A coalition of major tech companies and civil liberties groups on Thursday sent a letter to President Barack Obama calling for more transparency around a secret government program that collects private Internet and phone records.
In the letter, the companies argued that Americans "are entitled to have an informed public debate" about surveillance requests. The coalition urged the Obama administration to allow companies to report statistics about the number of national security requests they receive from government agencies for customer data.
The letter said the government should also issue its own regular “transparency report” disclosing that information.
"Basic information about how the government uses its various law enforcement–related investigative authorities has been published for years without any apparent disruption to criminal investigations," the letter reads. "We seek permission for the same information to be made available regarding the government’s national security–related authorities."
"This information about how and how often the government is using these legal authorities is important to the American people, who are entitled to have an informed public debate about the appropriateness of those authorities and their use," the letter continues.
The companies addressed their petition to President Obama, Attorney General Eric Holder, NSA Director Keith Alexander, Director of National Intelligence James R. Clapper and several members of Congress. It was signed by more than 20 tech companies and more than 30 trade associations and privacy groups -- including Facebook, Google, Apple, Microsoft, and the American Civil Liberties Union.
Silicon Valley and privacy groups do not always agree over privacy matters, making their partnership for the letter noteworthy. Tech companies have faced widespread criticism in recent weeks over reports that they cooperated with the government's secret Internet spying program. Many tech giants have expressed frustration that they are prohibited by law from discussing the surveillance orders.
The nation’s largest phone companies, including AT&T and Verizon Wireless, were not part of the coalition that signed the letter and have remained quiet about their participation in the NSA surveillance program, as Time.com noted.
The letter comes amid growing calls for greater disclosure about the NSA's collection of phone and Internet records and a push from members of Congress to scale back the surveillance program, which was disclosed last month in a series of stories in The Guardian and Washington Post.
Disclosure: The Huffington Post is owned by AOL, which also signed the letter and has denied knowledge of the NSA surveillance program.
Earlier on HuffPost:
Sen. Dianne Feinstein (D-Calif.)
Sen. Dianne Feinstein (D-Calif.) said the court order for telephone records was part of a three-month renewal of an ongoing practice, <a href="http://www.huffingtonpost.com/huff-wires/20130606/us-nsa-phone-records-feinstein/" target="_blank">the Associated Press reported</a>. "It’s called protecting America," Feinstein said at a Capitol Hill news conference.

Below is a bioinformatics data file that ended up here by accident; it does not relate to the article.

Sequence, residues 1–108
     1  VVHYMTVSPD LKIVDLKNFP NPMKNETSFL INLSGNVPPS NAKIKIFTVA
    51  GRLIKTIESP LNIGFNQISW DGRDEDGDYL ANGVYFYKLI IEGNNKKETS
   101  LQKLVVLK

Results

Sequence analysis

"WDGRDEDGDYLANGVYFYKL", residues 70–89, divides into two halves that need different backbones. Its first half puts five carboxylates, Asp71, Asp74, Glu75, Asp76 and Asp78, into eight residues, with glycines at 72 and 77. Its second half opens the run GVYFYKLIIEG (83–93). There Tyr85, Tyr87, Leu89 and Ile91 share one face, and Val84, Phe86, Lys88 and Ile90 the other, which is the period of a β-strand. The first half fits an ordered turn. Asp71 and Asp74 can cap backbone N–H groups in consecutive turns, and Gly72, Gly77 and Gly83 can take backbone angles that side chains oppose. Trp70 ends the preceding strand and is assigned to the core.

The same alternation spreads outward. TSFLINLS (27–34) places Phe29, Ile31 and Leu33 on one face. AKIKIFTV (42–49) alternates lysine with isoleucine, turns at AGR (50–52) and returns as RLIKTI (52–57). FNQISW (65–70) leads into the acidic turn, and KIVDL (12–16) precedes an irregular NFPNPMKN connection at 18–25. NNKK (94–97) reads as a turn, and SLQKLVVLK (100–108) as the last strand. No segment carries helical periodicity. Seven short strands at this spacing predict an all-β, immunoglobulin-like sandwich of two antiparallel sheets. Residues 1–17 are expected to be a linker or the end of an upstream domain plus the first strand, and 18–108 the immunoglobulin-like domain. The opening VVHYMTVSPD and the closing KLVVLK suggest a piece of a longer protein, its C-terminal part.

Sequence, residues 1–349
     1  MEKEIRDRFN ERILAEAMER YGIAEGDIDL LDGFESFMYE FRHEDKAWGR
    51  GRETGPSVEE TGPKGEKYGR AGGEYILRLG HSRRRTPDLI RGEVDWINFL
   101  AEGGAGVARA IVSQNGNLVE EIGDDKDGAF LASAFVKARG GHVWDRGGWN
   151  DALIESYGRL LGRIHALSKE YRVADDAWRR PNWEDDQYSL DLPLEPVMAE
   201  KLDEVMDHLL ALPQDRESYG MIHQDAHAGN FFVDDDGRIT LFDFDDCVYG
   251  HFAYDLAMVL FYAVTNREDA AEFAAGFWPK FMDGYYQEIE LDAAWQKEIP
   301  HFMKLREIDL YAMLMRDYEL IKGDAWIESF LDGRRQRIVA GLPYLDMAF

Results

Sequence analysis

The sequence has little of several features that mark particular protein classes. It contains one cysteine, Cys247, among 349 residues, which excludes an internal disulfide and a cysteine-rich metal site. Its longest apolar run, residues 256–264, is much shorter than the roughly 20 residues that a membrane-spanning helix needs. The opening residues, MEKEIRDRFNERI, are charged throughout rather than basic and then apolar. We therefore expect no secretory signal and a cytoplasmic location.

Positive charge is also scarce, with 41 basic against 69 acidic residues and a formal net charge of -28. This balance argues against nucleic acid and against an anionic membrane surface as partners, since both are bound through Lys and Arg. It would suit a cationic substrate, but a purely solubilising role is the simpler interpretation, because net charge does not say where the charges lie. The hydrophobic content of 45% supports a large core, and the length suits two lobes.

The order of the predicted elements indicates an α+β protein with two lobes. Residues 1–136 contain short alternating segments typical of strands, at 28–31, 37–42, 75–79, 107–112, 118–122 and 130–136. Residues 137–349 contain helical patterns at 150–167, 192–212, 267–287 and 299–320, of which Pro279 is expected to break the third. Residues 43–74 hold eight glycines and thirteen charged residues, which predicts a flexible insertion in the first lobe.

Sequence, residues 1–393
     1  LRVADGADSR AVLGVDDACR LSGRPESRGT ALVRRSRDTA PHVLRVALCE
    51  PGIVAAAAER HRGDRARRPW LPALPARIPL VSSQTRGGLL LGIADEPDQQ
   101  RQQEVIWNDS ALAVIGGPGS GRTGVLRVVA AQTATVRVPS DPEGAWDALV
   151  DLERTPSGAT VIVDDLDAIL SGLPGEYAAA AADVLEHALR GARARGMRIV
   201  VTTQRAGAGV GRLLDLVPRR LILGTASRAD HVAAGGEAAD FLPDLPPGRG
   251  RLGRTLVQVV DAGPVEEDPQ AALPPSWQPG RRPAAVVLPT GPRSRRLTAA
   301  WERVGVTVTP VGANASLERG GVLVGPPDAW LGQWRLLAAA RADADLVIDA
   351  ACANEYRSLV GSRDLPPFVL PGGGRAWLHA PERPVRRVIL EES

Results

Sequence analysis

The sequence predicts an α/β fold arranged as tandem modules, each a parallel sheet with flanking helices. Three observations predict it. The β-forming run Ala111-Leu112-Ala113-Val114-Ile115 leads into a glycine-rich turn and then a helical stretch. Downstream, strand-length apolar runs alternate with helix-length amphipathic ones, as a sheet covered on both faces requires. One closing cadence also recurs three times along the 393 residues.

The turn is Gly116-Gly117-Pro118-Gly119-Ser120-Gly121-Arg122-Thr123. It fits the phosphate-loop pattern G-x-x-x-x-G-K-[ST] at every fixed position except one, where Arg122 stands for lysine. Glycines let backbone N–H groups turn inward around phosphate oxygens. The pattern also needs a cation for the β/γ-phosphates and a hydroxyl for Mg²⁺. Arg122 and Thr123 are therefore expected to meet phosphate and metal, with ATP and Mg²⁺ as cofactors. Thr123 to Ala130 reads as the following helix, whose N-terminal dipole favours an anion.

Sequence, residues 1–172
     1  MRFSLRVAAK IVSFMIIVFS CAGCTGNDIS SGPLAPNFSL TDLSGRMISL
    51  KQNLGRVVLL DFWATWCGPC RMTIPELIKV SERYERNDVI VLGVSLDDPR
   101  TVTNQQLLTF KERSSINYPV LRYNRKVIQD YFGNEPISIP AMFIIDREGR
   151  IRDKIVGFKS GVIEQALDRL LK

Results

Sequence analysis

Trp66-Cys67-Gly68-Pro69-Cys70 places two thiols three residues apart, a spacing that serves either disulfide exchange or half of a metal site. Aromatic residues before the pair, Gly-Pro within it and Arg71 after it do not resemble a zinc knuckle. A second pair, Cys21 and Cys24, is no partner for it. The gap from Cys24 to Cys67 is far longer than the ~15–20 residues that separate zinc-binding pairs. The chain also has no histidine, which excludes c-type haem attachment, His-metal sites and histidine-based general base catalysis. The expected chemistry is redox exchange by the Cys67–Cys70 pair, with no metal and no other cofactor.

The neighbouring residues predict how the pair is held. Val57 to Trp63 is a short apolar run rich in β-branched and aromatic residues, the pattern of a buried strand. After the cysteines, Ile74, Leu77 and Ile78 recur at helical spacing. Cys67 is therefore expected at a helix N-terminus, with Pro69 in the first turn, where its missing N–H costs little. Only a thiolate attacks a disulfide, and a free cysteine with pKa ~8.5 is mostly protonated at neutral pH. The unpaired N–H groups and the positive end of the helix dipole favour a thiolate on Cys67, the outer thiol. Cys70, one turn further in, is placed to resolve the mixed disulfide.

Sen. Mark Udall (D-Colo.)
Sen. Mark Udall (D-Colo.) <a href="http://www.huffingtonpost.com/2013/06/06/verizon-phone-records-nsa_n_3397058.html?utm_hp_ref=politics" target="_blank">said</a> "the administration owes the American public an explanation of what authorities it thinks it has."
Senate Majority Leader Harry Reid (D-Nev.)
Senate Majority Leader Harry Reid (D-Nev.) thought everyone "should just calm down." "Right now I think everyone should just calm down and understand this isn't anything that's brand new," Reid <a href="http://www.huffingtonpost.com/2013/06/06/verizon-phone-records-nsa_n_3397058.html?utm_hp_ref=politics" target="_blank">said</a>.
Former Vice President Al Gore
Sen. Jeff Merkley (D-Ore.)
Sen. Jeff Merkley (D-Ore.) said in a statement: "This type of secret bulk data collection is an outrageous breach of Americans’ privacy."
Sen. Lindsey Graham (R-S.C.)
Sen. Lindsey Graham (R-S.C.) said he was <a href="http://www.huffingtonpost.com/2013/06/06/lindsey-graham-nsa_n_3396223.html?1370532449" target="_blank">"glad" the NSA was collecting phone records. </a> "I don’t mind Verizon turning over records to the government if the government is going to make sure that they try to match up a known terrorist phone with somebody in the United States," Graham said in an interview on "Fox and Friends."
Sen. Saxby Chambliss (R-Ga.)
Sen. Saxby Chambliss (R-Ga.) also claimed that reports of the NSA collecting phone records was "nothing particularly new." "Every member of the United States Senate has been advised of this," Chambliss<a href="http://www.huffingtonpost.com/2013/06/06/verizon-phone-records-nsa_n_3397058.html?utm_hp_ref=politics" target="_blank"> said</a>. "And to my knowledge we have not had any citizen who has registered a complaint relative to the gathering of this information."
Sen. Bob Corker (R-Tenn.)
Sen. Bob Corker (R-Tenn.) found the NSA collecting phone records <a href="http://www.huffingtonpost.com/2013/06/06/verizon-phone-records-nsa_n_3397058.html?utm_hp_ref=politics" target="_blank">"troubling."</a> "The fact that all of our calls are being gathered in that way -- ordinary citizens throughout America -- to me is troubling and there may be some explanation, but certainly we all as citizens are owed that, and we're going to be demanding that," Corker <a href="http://www.huffingtonpost.com/2013/06/06/verizon-phone-records-nsa_n_3397058.html?utm_hp_ref=politics" target="_blank">said</a>.
Sen. Ted Cruz (R-Texas)
Sen. Mike Lee (R-Utah)